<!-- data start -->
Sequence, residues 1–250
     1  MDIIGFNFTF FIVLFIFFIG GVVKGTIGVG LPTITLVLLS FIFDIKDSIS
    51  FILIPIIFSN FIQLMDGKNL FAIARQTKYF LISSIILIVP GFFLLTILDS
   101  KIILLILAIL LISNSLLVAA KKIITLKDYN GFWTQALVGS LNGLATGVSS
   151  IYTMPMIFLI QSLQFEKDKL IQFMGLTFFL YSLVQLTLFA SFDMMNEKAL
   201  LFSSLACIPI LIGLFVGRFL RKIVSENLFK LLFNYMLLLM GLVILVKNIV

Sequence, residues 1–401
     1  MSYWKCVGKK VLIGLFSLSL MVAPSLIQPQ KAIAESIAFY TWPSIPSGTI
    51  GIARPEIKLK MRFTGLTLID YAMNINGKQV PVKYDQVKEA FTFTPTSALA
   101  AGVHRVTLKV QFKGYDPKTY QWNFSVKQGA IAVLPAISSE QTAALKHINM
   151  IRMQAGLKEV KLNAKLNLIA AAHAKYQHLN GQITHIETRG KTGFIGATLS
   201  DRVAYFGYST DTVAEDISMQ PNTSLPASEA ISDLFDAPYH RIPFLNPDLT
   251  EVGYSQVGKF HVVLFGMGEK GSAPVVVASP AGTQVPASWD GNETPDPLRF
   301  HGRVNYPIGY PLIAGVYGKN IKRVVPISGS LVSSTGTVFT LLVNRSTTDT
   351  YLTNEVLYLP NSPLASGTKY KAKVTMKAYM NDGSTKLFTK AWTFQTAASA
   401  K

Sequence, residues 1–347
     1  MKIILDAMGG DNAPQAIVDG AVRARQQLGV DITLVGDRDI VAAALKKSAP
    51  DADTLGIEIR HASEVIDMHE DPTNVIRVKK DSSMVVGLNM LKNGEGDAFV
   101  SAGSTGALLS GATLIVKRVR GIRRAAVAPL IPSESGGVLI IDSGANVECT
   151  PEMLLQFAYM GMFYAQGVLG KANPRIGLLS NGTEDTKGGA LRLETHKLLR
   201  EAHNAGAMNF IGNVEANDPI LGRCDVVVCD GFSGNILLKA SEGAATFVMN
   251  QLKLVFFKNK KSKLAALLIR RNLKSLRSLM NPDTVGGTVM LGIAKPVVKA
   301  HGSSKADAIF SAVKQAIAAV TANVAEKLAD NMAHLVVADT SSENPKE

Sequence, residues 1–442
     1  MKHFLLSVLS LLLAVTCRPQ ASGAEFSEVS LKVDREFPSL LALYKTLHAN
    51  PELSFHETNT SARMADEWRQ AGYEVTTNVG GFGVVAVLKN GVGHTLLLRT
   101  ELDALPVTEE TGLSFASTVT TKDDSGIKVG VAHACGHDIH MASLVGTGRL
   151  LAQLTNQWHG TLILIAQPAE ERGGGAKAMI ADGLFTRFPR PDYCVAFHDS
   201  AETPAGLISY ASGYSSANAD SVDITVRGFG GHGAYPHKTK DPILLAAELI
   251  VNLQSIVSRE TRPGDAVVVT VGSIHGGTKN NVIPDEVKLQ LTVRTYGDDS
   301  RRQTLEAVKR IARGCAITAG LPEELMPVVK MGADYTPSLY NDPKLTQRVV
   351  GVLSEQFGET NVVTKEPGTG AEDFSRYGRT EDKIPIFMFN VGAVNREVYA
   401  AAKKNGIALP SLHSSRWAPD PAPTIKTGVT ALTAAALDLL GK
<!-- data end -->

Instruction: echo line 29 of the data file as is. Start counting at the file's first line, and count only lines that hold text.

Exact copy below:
   151  LAQLTNQWHG TLILIAQPAE ERGGGAKAMI ADGLFTRFPR PDYCVAFHDS